[The following was contributed by Sharon Kleinschmidt, CYT Inc. Board Member]

generosity

An ice cream sundae without a cherry? Autumn without football? The Fourth of July without fireworks? Unthinkable! In the same way, CYT without generosity, is just youth theater.

Last weekend, I attended the CYT Kansas City performance of Shrek the Musical with friends and family. As I looked around the theater, I was struck by the thought that CYT is synonymous with generosity. It encourages and develops generosity and it succeeds, in large part, because of it.

I don’t think that generosity comes “naturally” in the theater world. We know that theater is often competitive, perhaps cut-throat, with only a few people succeeding. Leading roles are scarce and one person’s success diminishes everyone else’s opportunities. But CYT allows students and families, though the theater arts, to experience generosity and grow in their own generosity.

Take casting, for example. I remember clearly when a young teenager came onto the stage as her number was called. She gave her name but when the music started, she could only stand there, mute. The audience of other potential cast members – her “competitors” – waited patiently, silently encouraging her. Knees shaking, she continued to stand on the stage, unwilling to give up but unable to sing. Finally after the third or fourth time her music played, she began to sing and made it through the 60-second audition song. The room erupted in sincere, raucous applause, celebrating her success. I can’t recall if she was cast in that show, but I do know that she auditioned again, and I saw her confidence on stage.

In CYT, this is not the rare exception. From Portland to Baton Rouge, if you attend auditions, you will see the same miracle: students rooting for each other, freely giving their support and affirmation. You will see older students mentoring young students. And you will see children with special needs learning alongside their typical peers. Generosity is the evidence of our values, in action.

CYT may provide theater arts training and performance opportunities for children ages 4 to 18 but CYT is really a family affair. Each CYT depends on the generosity of its parents. Parents work hours sewing costumes, building sets, selling program ads, and tackling the 1,001 tasks it takes to present a fully staged musical. They give generously of their talents and their precious time, and without their commitment, CYTs could not exist. Ask any CYT leader and she can share with you the story of a family member who gave more than anyone could have expected — more than was reasonable — because he or she saw the impact that CYT was having on CYT families.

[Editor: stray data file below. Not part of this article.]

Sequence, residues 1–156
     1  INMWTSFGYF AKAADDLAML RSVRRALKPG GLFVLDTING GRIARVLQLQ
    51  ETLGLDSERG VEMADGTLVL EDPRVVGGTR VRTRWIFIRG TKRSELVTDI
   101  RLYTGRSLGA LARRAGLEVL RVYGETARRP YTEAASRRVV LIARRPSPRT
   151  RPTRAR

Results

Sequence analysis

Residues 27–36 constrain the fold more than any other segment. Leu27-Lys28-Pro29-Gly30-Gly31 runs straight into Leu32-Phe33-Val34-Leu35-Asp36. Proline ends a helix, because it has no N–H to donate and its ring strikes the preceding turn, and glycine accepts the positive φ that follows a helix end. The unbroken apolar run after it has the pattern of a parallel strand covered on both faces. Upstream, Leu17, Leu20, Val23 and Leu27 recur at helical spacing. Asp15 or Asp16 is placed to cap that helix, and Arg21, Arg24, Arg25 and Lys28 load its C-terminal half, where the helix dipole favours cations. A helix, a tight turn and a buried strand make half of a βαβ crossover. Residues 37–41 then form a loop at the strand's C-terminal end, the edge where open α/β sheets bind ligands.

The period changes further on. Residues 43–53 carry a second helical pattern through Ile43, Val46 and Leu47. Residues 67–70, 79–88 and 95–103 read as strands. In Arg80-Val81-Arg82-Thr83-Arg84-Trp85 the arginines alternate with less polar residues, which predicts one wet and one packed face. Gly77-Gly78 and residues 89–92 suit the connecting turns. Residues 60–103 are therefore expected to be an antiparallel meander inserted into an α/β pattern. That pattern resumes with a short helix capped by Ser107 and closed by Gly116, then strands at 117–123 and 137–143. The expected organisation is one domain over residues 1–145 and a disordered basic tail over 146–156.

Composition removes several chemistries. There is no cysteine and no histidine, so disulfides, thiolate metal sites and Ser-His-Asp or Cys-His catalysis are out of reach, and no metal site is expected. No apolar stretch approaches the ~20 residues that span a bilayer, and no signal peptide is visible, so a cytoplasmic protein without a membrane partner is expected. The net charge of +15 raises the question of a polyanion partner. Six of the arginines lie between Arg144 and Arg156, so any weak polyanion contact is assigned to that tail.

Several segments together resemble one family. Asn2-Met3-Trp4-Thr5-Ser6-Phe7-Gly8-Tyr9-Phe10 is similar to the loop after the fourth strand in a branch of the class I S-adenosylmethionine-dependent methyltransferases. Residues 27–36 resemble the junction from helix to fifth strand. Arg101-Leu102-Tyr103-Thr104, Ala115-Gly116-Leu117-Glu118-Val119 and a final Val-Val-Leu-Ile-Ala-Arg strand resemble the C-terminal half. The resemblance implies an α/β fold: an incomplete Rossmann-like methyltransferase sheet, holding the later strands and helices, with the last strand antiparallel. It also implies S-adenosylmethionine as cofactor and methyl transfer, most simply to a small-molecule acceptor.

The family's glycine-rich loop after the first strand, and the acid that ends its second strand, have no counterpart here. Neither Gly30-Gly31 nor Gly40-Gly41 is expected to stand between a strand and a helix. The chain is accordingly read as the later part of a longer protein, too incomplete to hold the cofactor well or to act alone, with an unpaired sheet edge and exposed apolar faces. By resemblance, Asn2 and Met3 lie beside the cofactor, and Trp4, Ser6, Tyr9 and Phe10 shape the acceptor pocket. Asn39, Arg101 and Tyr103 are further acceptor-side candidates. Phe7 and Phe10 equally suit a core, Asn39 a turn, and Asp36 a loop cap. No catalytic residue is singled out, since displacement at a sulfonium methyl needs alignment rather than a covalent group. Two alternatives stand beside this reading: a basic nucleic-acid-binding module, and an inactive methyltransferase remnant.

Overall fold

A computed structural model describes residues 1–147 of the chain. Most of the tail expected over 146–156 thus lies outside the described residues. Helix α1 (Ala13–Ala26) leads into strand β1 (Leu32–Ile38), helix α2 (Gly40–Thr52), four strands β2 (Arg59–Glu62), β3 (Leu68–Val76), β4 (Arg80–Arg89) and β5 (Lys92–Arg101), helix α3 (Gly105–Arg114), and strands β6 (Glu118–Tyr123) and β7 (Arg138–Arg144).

Beyond their own community and organization, the 22 CYT affiliates generously share their expertise and assets with each other, giving the fledging organizations assistance that can make the difference between success and failure. Kansas City loaned costumes and sets to Wichita, just like Chicago had done for KC many years before. Lafayette is supporting Baton Rouge, Richmond birthed Fredericksburg, Atlanta has provided expertise to NYC, and on and on. The Artistic Director in Coeur D’Alene knows she can call on a colleague in San Diego, or a Board member in San Antonio can reach out to a Board member in Houston. In structured meetings or across Starbucks tables, you will find CYT huddles — leaders working together, brainstorming, seeking solutions to common problems, and sharing successes. Advice and counsel are given freely, allowing each affiliate to be stronger together, than we would be separately.

I guess it should come as no surprise that generosity is woven into the fabric of CYT because CYT would not have spread across the U.S. without the generous spirits of the Russell family and their San Diego leadership. It was not their intention to lead a national organization, but when families across the country clamored for an affiliate in their city, they did not fail to respond. Now, CYT, Inc. is committed to finding a way to answer the call for CYT in Japan, South Korea, Africa, and China.

CYTs across the nation are a bit like cousins in a large family — we share a “family” history and values and what we have in common is much greater than our differences. CYTs are generous because we recognize the many blessings we have received and we know that “to whom much is given, much is expected.” Generosity is part of our heritage and it will be part of our future.

“… I give best when I give from that deeper place, when I give simply, freely, and generously, and sometimes for no particular reason. I give from my heart.”
-Steve Goodier

(Photo credit)


Leave a Reply

Your email address will not be published. Required fields are marked *